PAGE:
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Communications (page 1 of 2)

Public Affairs

The Museum's public affairs strategies this year significantly increased the amount of regional, national and metropolitan media coverage of the organisation's activities. This coverage was partly based on a strong program of travelling exhibitions including Rare Trades in Adelaide and Ipswich; Behind the Lines in Brisbane and Melbourne; I am Woman, Hear Me Draw in Victoria; Stories from Australia in Adelaide, Outlawed! in Melbourne, and the beginning of a ten-venue tour of Hickory Dickory Dock.

The Public Affairs section also targeted various national, regional and niche media matched to different overseas and Australian outlaw legends featured in Outlawed!, after it opened at the Museum in November. The same tactic delivered state based coverage of Royal Romance from February, timed and targeted to the media of each state through which the Queen moved exactly 50 years ago. The section also built national campaigns around the Museum's quest to find key objects, from an FJ Holden in original condition to memorabilia of young pilgrims to Gallipoli. Regional and metropolitan radio remains an important vehicle of national exposure. The Museum's recent auction room successes to build the National Historical Collection were also well covered.

The Talkback Classroom series is now broadcast on both ABC Radio National and SBS TV. It too contributes to the Museum's wide national media coverage, and that of local media interested in the stories of student interviewers selected from their area.

This year the Museum built considerable media collaborations to stage and promote public forums, build coverage and exploit its broadcast studio facilities. Media partnerships include 702 and 666 ABC Radio, ABC Radio National, ABC TV and SBS TV. Public Affairs and Foxtel's History Channel also co-produced a series of interstitials around outlaw legends to be broadcast free concurrent with the travelling exhibition, along with free exhibition advertisements and birthday promotions for the National Museum. This broadcasting time is worth almost $250,000.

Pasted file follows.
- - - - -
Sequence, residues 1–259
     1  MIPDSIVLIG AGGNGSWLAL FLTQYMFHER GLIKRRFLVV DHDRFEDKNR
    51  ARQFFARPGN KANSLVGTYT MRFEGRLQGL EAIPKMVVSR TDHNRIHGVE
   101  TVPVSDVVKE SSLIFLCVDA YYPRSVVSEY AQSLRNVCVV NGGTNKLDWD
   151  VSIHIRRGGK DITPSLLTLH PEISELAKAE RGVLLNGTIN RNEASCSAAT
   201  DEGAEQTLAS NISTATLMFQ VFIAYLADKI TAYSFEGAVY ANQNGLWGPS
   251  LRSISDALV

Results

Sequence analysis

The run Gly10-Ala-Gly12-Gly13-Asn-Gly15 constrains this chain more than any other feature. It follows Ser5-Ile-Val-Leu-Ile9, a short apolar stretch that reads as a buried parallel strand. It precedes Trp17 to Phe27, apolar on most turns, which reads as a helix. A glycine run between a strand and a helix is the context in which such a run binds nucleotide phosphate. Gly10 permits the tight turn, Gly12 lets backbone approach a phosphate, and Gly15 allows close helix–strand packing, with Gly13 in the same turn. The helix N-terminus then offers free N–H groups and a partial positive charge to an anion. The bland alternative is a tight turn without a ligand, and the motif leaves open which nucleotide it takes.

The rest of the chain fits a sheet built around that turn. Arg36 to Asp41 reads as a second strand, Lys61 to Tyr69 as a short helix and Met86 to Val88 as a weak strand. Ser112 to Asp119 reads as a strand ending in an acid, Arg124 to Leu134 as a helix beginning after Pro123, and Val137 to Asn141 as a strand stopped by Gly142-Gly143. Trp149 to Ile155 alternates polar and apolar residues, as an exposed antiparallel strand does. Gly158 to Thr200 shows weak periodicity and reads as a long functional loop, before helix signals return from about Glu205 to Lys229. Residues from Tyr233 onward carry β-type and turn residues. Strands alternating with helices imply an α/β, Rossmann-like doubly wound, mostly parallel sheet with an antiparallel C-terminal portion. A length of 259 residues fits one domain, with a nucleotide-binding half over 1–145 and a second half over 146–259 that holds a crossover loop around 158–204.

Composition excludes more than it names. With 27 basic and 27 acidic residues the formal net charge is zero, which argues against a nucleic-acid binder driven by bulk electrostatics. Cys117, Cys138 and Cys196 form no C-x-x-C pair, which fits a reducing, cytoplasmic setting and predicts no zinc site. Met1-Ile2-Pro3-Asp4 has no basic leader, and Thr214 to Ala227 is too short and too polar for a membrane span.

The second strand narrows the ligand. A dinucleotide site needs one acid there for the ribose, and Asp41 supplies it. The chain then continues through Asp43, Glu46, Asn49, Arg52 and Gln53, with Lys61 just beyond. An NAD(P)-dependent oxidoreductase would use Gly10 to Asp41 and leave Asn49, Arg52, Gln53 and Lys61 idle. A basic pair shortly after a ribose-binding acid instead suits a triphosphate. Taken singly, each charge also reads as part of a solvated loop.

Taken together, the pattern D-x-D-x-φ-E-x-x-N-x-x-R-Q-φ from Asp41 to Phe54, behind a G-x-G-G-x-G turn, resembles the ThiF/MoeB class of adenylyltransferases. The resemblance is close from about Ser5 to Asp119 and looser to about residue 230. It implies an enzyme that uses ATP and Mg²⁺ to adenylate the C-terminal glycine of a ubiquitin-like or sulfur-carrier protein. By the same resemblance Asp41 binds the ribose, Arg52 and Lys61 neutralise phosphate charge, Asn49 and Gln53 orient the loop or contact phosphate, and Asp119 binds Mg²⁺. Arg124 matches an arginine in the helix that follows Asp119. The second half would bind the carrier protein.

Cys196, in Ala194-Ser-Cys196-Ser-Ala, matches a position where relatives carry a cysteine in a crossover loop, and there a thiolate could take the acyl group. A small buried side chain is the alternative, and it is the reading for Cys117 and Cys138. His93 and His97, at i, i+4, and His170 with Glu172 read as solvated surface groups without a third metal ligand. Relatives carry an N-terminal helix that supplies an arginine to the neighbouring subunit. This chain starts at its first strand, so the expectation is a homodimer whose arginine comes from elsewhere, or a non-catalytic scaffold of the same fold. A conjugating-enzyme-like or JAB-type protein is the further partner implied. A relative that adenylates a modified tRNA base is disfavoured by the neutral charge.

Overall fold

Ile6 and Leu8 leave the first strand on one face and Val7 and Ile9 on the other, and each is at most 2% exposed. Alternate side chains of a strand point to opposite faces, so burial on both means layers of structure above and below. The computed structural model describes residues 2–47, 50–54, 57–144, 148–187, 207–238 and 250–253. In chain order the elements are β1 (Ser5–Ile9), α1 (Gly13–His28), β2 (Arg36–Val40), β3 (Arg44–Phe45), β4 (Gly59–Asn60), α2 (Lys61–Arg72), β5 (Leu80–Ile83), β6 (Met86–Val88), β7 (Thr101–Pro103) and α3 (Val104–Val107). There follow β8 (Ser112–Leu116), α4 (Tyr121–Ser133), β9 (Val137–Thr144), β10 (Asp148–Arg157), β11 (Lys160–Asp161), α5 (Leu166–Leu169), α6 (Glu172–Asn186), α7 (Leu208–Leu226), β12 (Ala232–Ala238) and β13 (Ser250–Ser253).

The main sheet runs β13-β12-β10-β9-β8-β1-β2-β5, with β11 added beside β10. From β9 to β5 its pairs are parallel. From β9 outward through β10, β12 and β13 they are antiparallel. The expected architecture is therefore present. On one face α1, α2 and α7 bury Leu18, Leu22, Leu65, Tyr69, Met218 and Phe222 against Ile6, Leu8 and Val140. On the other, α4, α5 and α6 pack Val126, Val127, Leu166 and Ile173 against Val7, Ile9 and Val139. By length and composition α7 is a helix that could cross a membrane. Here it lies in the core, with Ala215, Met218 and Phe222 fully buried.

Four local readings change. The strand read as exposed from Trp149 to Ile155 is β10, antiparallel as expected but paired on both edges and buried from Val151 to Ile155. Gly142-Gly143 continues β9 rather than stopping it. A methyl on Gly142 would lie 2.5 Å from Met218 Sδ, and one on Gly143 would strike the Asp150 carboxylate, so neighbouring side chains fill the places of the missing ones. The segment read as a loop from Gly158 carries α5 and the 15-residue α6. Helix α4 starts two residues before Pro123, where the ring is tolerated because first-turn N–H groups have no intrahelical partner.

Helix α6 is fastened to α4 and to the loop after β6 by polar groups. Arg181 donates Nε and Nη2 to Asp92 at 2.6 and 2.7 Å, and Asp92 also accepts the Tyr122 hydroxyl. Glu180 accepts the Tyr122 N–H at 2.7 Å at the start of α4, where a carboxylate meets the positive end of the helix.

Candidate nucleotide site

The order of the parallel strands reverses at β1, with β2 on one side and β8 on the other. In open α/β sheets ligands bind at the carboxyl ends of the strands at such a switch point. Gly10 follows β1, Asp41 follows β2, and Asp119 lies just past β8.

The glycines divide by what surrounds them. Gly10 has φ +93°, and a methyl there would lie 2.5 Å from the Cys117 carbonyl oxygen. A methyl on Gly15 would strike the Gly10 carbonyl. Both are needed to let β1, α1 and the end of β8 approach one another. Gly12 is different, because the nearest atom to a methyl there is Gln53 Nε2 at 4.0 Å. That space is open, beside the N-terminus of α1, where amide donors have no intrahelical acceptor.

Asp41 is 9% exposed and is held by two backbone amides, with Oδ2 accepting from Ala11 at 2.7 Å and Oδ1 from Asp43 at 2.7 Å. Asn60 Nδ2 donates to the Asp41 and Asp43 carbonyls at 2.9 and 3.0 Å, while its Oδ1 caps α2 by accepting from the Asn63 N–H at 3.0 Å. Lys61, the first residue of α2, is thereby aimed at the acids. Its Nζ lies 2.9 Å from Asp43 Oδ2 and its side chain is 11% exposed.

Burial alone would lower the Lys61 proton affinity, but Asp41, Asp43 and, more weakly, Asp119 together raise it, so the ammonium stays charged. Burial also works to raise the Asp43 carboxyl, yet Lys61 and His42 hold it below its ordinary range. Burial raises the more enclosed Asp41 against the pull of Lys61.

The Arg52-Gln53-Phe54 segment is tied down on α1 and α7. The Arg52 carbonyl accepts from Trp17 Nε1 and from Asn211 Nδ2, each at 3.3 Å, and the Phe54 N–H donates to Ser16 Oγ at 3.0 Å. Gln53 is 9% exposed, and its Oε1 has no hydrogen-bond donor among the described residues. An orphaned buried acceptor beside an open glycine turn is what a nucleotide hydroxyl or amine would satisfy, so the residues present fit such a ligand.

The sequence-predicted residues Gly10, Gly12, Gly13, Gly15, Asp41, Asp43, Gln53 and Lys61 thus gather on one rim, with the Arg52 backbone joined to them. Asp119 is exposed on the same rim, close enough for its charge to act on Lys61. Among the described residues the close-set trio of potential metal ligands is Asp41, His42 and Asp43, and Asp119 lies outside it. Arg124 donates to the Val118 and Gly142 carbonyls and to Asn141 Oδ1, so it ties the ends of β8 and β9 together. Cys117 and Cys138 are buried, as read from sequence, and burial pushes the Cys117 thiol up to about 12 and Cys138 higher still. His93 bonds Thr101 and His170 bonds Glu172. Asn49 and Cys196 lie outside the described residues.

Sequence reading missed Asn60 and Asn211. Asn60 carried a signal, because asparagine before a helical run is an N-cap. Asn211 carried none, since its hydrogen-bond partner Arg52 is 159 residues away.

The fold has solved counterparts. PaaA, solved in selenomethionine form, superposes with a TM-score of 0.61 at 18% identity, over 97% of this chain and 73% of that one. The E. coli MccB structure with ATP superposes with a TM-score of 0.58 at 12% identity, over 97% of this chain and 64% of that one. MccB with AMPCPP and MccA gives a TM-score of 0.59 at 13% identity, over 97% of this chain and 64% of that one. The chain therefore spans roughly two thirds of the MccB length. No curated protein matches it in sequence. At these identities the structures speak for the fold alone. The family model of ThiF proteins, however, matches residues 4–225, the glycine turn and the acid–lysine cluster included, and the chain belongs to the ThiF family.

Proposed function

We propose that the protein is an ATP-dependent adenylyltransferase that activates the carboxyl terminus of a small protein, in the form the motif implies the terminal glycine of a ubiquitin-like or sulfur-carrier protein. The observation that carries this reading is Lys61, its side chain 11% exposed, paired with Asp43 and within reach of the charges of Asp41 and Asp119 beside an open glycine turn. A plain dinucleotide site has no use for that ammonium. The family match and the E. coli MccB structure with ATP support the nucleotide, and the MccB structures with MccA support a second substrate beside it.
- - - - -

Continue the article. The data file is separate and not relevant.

The Public Affairs section continues to build communication and program/exhibition partnerships with a diverse group of organisations. Partnerships this year included:

  • the Smithsonian Institution
  • the Parliamentary Education Office
  • Adult Learning Australia
  • Canberra Mothercraft Society
  • AIDS Action Council
  • CSIRO and the Australian Science Festival
  • National Archeology Week
  • the Murray-Darling Basin Commission
  • Powerhouse Museum
  • Australian Nuclear Science and Technology Organisation
  • the new Gab Titui cultural centre on Thursday Island
  • the Wallabies and ACT Brumbies Rugby clubs
  • the Melbourne Cup Carnival
  • the Holden FX and FJ Car Club.

This year began with the release of the Review of Exhibitions and Public Programs (2003), saw the departure of the founding director and eventual confirmation of her successor, and concluded with the release of the Museum's new strategic directions for its galleries and collections. All these events received considerable coverage and comment in the media. The Museum welcomes diversity of viewpoints and debate and response to the media coverage was managed accordingly.

Hon. Gough Whitlam and the media
Media follow the Hon. Gough Whitlam, AC, QC leaving his handprint during NAIDOC Week. Photo: George Serras.

Marketing the Museum

Brand awareness

In April 2003, as part of the Museum's three-year marketing strategy, the Museum launched a campaign to establish and enhance recognition of the Museum's brand across a wider audience, create visitation from new markets and encourage repeat visitation from existing markets. For the last 12 months, the campaign concentrated on Sydney, the Australian Capital Territory and southern New South Wales with some exposure in Melbourne and was executed in different forms including billboards, bus advertising and television commercials.

A national survey conducted by Newspoll in May 2004 indicated that the community's level of awareness of the Museum has risen steadily and that the number of people identifying the Museum as 'a place worth making a special visit to' has risen considerably. The results also show that the brand awareness campaign has been successful in positioning the Museum as a stimulating and engaging place to visit.

Marketing campaigns

Successful campaigns were developed for temporary exhibitions, such as Rare Trades: Making Things by Hand in the Digital Age and Outlawed! Discover the Stories behind the World's Rebels, Revolutionaries and Bushrangers . Targeted marketing campaigns supported the Museum's other temporary exhibitions (Snapshots of Glory, Royal Romance and Refined White) and travelling exhibitions (Behind the Lines and Hickory Dickory Dock).

The campaign for Sky Lounge 2004 - held each Friday night in February - built on the successful marketing of previous Sky Lounge events and resulted in four sell-out nights.

Other highlights included:

  • the success of the Shop marketing strategy which contributed to a substantial increase in sales
  • separate marketing campaigns for schools programs, Museum tours and school holiday programs
  • development of tour packages for inbound tour operators and international markets
  • winning ACT's Best Tourist Attraction.